controversy in these words.
It is in the nature of man to strive after what is best. Each teaching of life is
but a teaching of what is best for man. If men have pointed out to them
what is really best for them, how do they come to answer that they wish to
do what is best, but cannot?
Human intellect, ever since man has existed, has been directed toward
discovering what is best among all the demands that are made both in
individual and in social life.
Men struggle for land, for any object that they may want, and then end by
dividing all among themselves, each calling what he may get his 'personal
property/ They find that though difficult of adjustment, it is better arranged
thus, and they keep to their own property. Men fight to get wives for
themselves, and then come to the conclusion that it is better for each to
have his own family; and though it may be hard to maintain a family, men
keep to their property, their families, and all else they are said to possess.
No sooner do men find it best for themselves to act in a particular way, than
they proceed to act in that way, however hard it may be. Then what do we
mean by saying the teaching of Christ is sublime, a life in accordance with his
teaching would be a better one than the one we now lead, but we cannot
lead the life that would be best for us because it is hard to do so?
If 'hard' means that it is hard to give up the momentary satisfaction of our
desires for some great and good end, why do we not say, as well, that it is
hard to plough the ground in order to have bread; to plant apple trees in
order to have apples? Every being endowed with the least germ of reason
knows that no great good can be attained without trouble and difficulty.
And now we say that though Christ's teaching is sublime, we can never put it
into practice because it is hard to do so. Hard, because its observance would
deprive us of what we have always possessed. Have we never heard that it
may be better for us to suffer and to lose, than never to suffer and always to
have our desires satisfied?
Man may be but an animal, and nobody will find fault with him for being
such; but a man cannot reason that he chooses to be only an animal; no
sooner does he reason than he admits himself to be a rational being, and,
making this admission, he cannot help recognizing a distinction between
what is rational and what is irrational. Reason does not command, it only
While groping about in the darkness in search of the door, I bruise my hands
and knees. A man comes with a light, and I see the door. I can no longer
bruise myself against the wall now that I see the door, still less can I assert
that, though I see the door and feel convinced the best plan would be to
enter it, it is hard to do so, and I prefer bruising my knees against the wall.
There must evidently be some strange misconception in the argument that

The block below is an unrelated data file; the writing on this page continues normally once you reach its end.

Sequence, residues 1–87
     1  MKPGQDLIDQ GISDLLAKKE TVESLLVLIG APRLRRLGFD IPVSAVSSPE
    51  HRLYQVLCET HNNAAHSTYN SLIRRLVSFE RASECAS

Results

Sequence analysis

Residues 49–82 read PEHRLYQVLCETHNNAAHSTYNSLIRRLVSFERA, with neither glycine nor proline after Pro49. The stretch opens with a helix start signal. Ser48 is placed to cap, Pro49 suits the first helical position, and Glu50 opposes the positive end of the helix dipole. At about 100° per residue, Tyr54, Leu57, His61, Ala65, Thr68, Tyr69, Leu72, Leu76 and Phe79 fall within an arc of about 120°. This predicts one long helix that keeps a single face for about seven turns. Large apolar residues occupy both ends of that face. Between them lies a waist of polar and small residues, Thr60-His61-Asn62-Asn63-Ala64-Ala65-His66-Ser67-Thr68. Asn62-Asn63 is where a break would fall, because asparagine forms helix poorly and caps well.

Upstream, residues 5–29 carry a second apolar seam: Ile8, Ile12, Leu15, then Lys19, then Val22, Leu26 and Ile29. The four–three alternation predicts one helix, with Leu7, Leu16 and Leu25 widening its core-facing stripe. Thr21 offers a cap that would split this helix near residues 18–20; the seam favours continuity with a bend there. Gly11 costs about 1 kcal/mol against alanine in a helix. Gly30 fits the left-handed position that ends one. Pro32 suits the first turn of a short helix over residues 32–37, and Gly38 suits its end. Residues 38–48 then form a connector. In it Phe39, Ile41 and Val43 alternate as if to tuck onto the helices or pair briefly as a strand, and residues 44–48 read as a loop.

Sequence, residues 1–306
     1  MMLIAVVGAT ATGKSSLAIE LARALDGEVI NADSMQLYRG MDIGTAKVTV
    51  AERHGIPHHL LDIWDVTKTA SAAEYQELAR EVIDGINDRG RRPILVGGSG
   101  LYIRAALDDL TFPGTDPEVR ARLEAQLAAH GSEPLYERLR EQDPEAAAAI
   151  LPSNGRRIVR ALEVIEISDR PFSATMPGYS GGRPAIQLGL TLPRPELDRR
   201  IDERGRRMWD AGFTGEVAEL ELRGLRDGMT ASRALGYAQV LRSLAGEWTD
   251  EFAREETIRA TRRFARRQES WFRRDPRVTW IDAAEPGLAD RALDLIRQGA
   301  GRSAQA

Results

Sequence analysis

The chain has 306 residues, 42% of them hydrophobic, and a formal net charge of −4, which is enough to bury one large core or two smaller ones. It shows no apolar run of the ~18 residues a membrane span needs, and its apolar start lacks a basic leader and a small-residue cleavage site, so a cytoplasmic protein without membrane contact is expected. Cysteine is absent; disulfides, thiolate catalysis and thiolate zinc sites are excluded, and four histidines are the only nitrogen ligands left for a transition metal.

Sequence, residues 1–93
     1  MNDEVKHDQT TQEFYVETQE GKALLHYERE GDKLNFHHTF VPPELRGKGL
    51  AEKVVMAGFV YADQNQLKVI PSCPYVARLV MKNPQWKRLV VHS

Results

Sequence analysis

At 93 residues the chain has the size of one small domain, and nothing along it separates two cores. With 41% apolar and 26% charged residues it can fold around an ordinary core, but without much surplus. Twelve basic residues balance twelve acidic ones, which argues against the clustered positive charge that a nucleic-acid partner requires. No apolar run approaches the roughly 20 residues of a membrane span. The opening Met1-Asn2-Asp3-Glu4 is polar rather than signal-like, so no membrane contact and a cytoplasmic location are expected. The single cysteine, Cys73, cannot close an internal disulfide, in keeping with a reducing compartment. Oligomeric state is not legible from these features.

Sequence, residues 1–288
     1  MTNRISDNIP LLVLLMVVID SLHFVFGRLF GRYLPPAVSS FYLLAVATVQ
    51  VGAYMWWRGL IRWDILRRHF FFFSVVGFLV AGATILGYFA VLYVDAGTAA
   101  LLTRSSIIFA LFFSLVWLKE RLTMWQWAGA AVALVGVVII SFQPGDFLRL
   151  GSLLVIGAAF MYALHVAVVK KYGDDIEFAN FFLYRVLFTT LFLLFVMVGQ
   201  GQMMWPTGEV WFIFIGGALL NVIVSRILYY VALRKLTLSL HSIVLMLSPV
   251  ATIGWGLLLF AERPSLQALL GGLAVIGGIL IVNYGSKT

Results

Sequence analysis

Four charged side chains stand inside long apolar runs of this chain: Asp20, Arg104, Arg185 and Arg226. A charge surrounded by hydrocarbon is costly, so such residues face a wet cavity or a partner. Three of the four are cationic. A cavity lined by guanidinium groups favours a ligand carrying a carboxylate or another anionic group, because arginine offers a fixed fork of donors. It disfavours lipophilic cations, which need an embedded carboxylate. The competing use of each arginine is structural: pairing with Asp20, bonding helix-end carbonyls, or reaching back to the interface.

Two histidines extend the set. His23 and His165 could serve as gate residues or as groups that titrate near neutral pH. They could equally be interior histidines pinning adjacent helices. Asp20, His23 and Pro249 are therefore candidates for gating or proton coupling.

the teaching of Christ is good, and conducive to good to the world, but man
is weak, man is bad, and, while wishing to act for the best, he acts for the
worst, and therefore he cannot do what he know is best for himself.
This notion must be the result of some false assumption.
It is only by assuming that what is, is not, and that what is not, is, that man
can have arrived at so strange a negation of the possibility of fulfilling a
teaching that, as he himself admits, would give him happiness.
The assumption that has brought mankind to accept this notion is based on
the dogmatic Christian creed - the creed that is taught to all members of the
Orthodox, Roman Catholic, and Protestant Churches from their earliest
This creed, according to the definition given by believers, is an
acknowledgement of the existence of things that seem to be (a definition
given by St. Paul and repeated in works on divinity and catechisms as the
best definition of faith). It is this belief that has brought mankind to the
singular conviction that the teaching of Christ is good, but cannot be put in
The teaching of this creed is literally as follows: God eternal, Three Persons
in one God, chose to create a world of spirits. The bountiful God created
that world of spirits for their happiness; but it chanced that one of the spirits
grew wicked, and therefore unhappy. Some time passed away, and God
created another world, a material world, and created man, likewise for
happiness. God created man happy, immortal, and sinless. Man was happy
because he enjoyed all the blessings of life without labor; immortal, for he
was always to live thus; sinless, for he did not know evil.
Man was tempted in Eden by the spirit of the first creation who had grown
wicked; and from that time man fell, and other fallen men like him were
born into the world; men labored, sickened, suffered, died, and struggled
morally and physically; i.e., the imaginary man became the real man, such as
we know him to be; and we have no grounds for imagining him ever to have
been otherwise. The state of man who labors, suffers, strives after good,
avoids evil, and dies; this state, which is real, and beyond which we can
imagine no other, is not the true state of man, according to this orthodox
belief, but it is a temporary, accidental state, unnatural to him.
And though, according to this teaching, this state of man has continued for
all men from the expulsion of Adam out of Eden, i.e., from the beginning of
the world to the birth of Christ, and has continued in the same way since